Sent:Thursday, June 19, 1997 10:37 AM
Terabit per Second Switching
The DARPA Broadband Information Technology (BIT) has pioneered much of today’s wavelength-division-multiplexing (WDM) effort. WDM is a way of multiplexing a large number of wavelength channels in a single fiber and it is a very effective way of increasing the bandwidth without resorting to laying additional fibers. Industry today is rapidly deploying WDM in their long distance backbone network, but the switching of terabit per second (Tb/s) remains a major obstacle. Switching and transporting at this speed can move the whole content of the Library of Congress in 14 seconds. Recently, the MIT Lincoln Laboratory, in collaboration with Lucent Laboratories and AT&T, demonstrated the first Tb/s experiment. The switch, a silicon dioxide waveguide structure, consists of 8 input and output ports. The switching function is similar to a phase array radar which uses phase cancellation to select the useful channel. Each input port is connected to a 14-channel tunable laser and each channel is modulated at 10 Gb/s, thus resulting in a 140 Gb/s per input port. The total input to the switch is therefore 1.12 Tb/s. Each color channel was successfully routed to the appropriate output port with minimum degradation. The switch is not fully dynamically reconfigurable yet and research is underway to achieve this capability. (PM-B.Hui)(Not Sensitive)
All-Optical Network Security
Recent rapid advances of all-optical networking technologies have made networks in the tens of gigabit per second (Gb/s) range a reality. The DARPA Broadband Information Technology (BIT) program has pioneered much of these research. The extremely high performance of these networks has opened up a totally new challenge to their security protection. For example, the entire Encyclopedia Britannica can be transmitted in a fraction of a second but the conventional fault recovery software used by the industry takes about two seconds to execute, so a service interruption in these ultra fast networks could mean a total loss of the file being transferred. Recently the MIT Lincoln Laboratory has made some very impressive advances in this important area. A new automatic protection switching algorithm was invented that allows the network to recover from attacks in a time scale limited by the hardwares only. Since the optical switches can operate in nanosecond, so the network is also protected in the similar time scale. Basically the algorithm creates "logical trees" very quickly in the network to bypass the endanger node or nodes under attacked.
This approach is the first to provide protection switching with multicast trees over arbitrary reconfigurable networks, and it provides a much greater routing flexibility than the existing industry standards. Because this algorithm can adapt to any reconfigurable network, it has a wide range of applications for existing and emerging commercial networks. Research is underway to examine protections against correlated jamming and other forms of intrusion against optical networks. (PM - B. Hui) (Not Sensitive)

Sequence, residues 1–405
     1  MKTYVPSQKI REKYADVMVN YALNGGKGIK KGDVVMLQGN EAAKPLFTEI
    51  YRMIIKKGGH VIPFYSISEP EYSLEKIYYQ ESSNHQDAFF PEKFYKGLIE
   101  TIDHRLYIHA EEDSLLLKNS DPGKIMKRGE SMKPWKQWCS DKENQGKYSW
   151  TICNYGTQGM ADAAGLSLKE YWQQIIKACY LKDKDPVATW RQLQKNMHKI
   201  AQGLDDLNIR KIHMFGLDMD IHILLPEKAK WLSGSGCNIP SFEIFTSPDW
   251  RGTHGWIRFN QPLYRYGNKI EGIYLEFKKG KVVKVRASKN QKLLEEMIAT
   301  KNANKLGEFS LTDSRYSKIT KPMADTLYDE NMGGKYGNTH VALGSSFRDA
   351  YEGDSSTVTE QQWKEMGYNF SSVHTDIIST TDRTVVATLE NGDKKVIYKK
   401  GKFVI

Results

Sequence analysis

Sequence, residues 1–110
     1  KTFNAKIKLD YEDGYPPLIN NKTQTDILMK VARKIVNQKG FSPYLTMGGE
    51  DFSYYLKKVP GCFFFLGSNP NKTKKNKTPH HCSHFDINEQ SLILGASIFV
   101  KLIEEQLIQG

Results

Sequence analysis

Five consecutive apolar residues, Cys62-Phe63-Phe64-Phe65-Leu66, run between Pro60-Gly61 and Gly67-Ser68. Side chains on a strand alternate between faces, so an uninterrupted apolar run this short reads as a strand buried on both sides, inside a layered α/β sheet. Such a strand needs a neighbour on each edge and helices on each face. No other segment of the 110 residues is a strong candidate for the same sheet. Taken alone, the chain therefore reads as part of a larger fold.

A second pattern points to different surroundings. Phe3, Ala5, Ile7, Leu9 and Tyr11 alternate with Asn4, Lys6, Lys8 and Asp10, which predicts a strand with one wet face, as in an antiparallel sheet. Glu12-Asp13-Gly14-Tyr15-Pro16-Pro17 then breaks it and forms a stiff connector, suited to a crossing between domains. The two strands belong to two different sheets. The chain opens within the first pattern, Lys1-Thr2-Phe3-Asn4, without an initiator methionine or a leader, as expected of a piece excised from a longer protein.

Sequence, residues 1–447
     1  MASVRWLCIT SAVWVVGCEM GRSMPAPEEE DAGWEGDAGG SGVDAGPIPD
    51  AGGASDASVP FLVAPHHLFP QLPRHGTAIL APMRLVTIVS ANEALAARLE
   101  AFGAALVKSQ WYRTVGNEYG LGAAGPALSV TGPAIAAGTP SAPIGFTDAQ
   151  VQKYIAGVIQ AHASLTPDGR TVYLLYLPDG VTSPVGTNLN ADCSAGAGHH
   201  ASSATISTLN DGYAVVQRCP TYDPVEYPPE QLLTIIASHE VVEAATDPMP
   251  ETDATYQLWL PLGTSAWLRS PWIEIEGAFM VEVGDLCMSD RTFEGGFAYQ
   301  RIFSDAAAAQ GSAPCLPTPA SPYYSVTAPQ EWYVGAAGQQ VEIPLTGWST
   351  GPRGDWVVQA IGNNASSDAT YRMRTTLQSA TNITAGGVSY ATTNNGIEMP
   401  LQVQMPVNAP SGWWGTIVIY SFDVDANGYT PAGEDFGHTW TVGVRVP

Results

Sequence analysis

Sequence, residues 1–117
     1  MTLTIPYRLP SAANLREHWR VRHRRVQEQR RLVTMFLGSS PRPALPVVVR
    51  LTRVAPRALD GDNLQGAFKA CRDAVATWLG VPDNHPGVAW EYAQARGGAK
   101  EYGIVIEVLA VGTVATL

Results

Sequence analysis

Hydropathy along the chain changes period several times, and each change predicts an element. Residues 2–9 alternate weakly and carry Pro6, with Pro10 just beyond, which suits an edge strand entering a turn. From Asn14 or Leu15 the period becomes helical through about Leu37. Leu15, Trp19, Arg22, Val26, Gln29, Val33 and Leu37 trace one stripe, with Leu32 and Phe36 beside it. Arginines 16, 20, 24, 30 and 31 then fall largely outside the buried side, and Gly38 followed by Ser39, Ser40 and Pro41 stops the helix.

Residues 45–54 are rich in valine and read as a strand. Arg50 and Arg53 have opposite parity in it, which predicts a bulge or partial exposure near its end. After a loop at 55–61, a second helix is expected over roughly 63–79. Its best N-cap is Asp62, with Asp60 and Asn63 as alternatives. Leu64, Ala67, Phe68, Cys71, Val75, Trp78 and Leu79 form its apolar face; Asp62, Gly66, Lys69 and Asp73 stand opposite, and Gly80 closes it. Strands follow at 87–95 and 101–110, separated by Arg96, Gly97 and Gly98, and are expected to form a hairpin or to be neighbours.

Demonstration of a National Scale, 20 Gigabit per Second All-Optical
One of the main objectives of the DARPA Broadband Information Technology (BIT) Program is to demonstrate the feasibility of a national scale, high capacity backbone network using optical wavelength-division-multiplexing (WDM) technologies. WDM is a new multiplexing technique which allows a single fiber to carry multiple wavelength channels. This approach is especially powerful to instantaneously increase the network capacity without resorting to laying additional fibers. A successfully national scale demonstration would entail the collaboration of three distinct sectors - local exchange carrier (LEC), long distance carrier (LD), and cross-connect (X-C) gateway providers for client signal transport and network management. Recently the MONET consortium, one of the BIT projects, which is composed of Bellcore, Lucent Technologies, AT&T, Bell Atlantic, Bell South, South Western Bell and Pacific Bell, successfully designed and interconnected three optical network testbeds in New Jersey - the LEC testbed by Bellcore at Red Bank, the LD testbed by AT&T/Lucent Technologies at Crawford Hill Lab, Holmdel, and the X-C testbed by Lucent Technologies at Holmdel, to carry out transport and switching experiments in an environment which simulates a national scale network in terms of optical fiber distance and system complexity. All the network elements: laser array transmitters, receivers, switches, were designed and built by the MONET members. The WDM network management and control softwares were also ground breaking technologies. The NJ area network is an ambitious task which not only demonstrates the feasibility of an optically reconfigurable network but also positions MONET members and DoD agencies to identify and resolve both optical transport layer performance and network control and management issues. An 8-wavelength network transport and reconfiguration experiment involved two-way connections being set up across the two domains (LEC and LD) and transport of multi-format (analog and digital) and multi-bit-rate signals (155 Mb/s and 2.5 Gb/s) have been demonstrated. The client signal integrity was verified over the longest path (2290 km) in the network. Further effort are underway to refine the system requirements and to improve fiber and system management. (PM-B. Hui)(Not Sensitive)